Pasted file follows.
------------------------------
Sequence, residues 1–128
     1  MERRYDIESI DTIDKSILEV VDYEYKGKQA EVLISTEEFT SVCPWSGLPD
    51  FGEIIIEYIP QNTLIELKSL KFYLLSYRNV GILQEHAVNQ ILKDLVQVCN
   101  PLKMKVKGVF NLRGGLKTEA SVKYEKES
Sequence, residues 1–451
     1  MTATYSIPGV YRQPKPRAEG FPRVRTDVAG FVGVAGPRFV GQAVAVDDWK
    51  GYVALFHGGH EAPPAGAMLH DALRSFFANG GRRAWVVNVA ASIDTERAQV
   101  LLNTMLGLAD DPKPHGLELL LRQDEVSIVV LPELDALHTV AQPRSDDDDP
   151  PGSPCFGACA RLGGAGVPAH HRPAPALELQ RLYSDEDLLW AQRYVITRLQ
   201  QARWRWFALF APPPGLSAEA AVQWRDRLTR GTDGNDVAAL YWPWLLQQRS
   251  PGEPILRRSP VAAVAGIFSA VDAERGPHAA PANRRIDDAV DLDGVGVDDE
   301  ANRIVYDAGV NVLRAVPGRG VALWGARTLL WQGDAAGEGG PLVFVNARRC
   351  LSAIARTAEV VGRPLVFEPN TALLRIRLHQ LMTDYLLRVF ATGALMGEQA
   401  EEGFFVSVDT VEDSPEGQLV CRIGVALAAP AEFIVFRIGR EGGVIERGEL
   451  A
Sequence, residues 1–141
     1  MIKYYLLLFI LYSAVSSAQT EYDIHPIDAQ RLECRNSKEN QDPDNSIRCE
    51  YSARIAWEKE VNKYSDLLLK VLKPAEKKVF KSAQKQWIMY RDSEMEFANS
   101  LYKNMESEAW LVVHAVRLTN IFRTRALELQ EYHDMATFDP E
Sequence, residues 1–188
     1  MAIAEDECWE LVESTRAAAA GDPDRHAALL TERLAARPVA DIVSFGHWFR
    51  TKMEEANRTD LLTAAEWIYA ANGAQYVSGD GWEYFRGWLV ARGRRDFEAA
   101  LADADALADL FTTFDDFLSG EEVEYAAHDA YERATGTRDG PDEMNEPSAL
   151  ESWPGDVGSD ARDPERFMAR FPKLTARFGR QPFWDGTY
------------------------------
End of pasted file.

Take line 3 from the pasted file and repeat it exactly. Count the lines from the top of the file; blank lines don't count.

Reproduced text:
    51  FGEIIIEYIP QNTLIELKSL KFYLLSYRNV GILQEHAVNQ ILKDLVQVCN